Harlem Community Reacts to Teacher Strike

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The Harlem teachers strike is still on and contract negotiations are on hold, because neither side can agree when it comes to teachers' salaries.
Teachers hired after 2004 joined the district in a deficit and signed contracts to earn 2% less yearly pay than those hired before them. Now, the district is in a surplus and newer teachers want the same yearly pay raises as their colleagues.
Superintendent Pat Deluca says the teachers should never have agreed upon their initial contract, if they weren't willing to stick with that pay scale. 23 News hit the streets to find out how the community is feeling.
"My son's starting high school and it would have been great as far as having that first day. On the other hand, I respect teachers so much and feel that it's extremely important that they get paid fairly," says one Harlem mother, Melinda Thompson.
Harlem Dad Gary Anderson adds, "The teachers do deserve the money that they make and they deserve more because they support our kids education. But I also want them in school so my kids can be in school. Working parents nowadays it's hard to find babysitters and make adjustments and arrangements for the kids when they're home when we planned on them being in school."
"I'm just really mad and it's just like I love school and there's so much fun things to do even though I get a lot of homework," says elementary student Madaleine Ankele.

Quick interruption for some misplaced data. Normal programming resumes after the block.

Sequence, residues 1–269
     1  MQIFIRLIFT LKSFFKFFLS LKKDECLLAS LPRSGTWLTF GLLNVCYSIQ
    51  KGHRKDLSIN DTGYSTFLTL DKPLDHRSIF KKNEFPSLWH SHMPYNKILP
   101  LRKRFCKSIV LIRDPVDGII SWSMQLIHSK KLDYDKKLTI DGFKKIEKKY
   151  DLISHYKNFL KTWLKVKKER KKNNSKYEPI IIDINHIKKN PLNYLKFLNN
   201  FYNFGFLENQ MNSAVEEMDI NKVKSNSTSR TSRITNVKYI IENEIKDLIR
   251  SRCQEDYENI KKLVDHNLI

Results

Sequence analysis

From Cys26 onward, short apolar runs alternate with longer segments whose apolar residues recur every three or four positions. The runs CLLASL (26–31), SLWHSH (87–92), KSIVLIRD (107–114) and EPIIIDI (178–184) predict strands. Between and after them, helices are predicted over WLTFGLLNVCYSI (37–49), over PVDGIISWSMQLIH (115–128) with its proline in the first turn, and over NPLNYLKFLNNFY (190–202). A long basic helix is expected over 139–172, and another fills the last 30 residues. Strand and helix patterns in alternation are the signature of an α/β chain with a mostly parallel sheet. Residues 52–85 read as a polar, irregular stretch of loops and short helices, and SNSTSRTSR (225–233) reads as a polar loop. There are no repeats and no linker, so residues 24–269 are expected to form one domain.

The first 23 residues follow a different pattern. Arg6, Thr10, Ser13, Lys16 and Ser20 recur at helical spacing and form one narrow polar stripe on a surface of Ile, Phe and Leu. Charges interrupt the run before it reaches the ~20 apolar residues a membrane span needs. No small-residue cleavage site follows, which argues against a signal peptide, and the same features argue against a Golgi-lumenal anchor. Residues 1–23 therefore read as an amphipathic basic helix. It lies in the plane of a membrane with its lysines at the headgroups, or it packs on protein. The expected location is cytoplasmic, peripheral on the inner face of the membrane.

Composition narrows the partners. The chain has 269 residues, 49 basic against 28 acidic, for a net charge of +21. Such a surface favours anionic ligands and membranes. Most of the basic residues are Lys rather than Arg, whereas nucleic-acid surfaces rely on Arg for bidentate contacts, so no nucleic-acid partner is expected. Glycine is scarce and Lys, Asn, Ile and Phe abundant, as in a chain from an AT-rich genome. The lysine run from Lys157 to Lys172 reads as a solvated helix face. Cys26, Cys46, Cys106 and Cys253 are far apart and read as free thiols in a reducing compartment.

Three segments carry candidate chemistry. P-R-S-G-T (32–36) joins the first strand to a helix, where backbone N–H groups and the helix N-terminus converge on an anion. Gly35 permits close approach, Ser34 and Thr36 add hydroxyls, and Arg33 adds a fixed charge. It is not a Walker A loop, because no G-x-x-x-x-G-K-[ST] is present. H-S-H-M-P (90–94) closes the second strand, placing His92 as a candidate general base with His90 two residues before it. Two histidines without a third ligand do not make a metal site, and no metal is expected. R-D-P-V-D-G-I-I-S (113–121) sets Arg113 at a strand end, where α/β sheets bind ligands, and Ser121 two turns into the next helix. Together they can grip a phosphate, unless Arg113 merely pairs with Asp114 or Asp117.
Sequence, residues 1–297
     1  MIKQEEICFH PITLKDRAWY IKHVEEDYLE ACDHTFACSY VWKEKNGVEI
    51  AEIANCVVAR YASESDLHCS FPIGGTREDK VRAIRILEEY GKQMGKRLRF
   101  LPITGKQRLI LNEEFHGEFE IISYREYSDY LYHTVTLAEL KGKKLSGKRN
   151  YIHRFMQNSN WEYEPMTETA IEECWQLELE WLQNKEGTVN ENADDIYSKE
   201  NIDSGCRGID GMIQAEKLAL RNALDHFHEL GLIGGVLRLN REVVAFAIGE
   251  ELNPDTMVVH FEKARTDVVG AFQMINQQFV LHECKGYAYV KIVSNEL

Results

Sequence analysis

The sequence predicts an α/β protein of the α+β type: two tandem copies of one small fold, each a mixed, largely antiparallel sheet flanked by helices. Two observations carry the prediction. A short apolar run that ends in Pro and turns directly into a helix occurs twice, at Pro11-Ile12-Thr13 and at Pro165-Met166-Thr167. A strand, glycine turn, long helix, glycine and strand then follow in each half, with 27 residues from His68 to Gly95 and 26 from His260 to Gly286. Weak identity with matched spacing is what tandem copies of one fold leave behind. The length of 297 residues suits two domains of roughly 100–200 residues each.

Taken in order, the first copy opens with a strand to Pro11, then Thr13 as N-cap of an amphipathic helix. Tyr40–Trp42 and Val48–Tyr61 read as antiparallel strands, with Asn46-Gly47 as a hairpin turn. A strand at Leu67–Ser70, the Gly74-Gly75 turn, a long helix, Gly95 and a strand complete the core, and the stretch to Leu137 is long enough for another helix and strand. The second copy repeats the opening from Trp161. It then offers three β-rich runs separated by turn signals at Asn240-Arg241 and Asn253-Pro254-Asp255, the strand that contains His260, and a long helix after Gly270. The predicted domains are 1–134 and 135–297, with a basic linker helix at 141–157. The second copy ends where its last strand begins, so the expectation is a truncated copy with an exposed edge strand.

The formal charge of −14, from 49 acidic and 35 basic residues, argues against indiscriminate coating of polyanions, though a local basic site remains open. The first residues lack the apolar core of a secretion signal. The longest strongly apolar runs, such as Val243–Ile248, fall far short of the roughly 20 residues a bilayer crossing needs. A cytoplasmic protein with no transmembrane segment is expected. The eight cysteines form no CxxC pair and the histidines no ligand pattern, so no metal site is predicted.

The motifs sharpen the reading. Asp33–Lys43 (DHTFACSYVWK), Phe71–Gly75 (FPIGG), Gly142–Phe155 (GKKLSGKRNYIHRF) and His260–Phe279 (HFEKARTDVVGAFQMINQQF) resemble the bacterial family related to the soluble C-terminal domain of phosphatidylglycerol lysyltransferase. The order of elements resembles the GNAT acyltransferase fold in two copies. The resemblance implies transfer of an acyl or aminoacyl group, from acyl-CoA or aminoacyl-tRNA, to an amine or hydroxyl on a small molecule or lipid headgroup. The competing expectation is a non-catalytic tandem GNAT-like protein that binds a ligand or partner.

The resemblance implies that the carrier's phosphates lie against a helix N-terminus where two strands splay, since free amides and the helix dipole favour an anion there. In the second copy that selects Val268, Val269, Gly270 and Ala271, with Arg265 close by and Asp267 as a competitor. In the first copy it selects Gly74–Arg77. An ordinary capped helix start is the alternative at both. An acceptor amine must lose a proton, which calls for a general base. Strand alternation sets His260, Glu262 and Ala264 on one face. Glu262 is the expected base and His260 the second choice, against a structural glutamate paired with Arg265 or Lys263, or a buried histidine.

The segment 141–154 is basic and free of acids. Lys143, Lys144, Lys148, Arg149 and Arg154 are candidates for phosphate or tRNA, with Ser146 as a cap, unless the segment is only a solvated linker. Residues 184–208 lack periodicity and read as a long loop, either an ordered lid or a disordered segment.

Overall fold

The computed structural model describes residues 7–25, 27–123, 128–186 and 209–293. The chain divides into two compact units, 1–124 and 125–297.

"What teachers really do for kids it really helps them so I think they deserve the money for what they're doing," says another elementary student, Aubrey Noto.
Finally elementary kid Amanda Thompson says, "I want to go back to school because I can learn stuff and learn about new things."
James McCalum, a junior at Harlem High School, has another take: "First term we'll have to do a bunch of cramming because of all the school work we miss and no one likes homework."
His friend Sorley Kersch is worried about extracurriculars: "I'm in band right now and we need time to work on our music and the freshmen coming in, it's a completely different level highschool wise, so they're gonna be real behind."
"There will come a point where I'm probably more into let's get school started than I am standing here right now, you know it's fairly new," adds Melinda Thompson.
Elementary student Sydney Larue gets the last work: "Hurry up with the process, just get an agreement soon, because as you can see we all miss school."
Both sides say they're working as fast as they can. Another major issue is insurance. If the strike continues after August 31st, teachers will have to start paying their own insurance premiums, which union leaders call a scare tactic. Deluca says teachers have broken their contract, making all aspects of it, including insurance coverage, null and void.
If more negotiations can be set up this weekend, school could be back on for Monday. Harlem's first football game of the season, scheduled for Friday night, is off.

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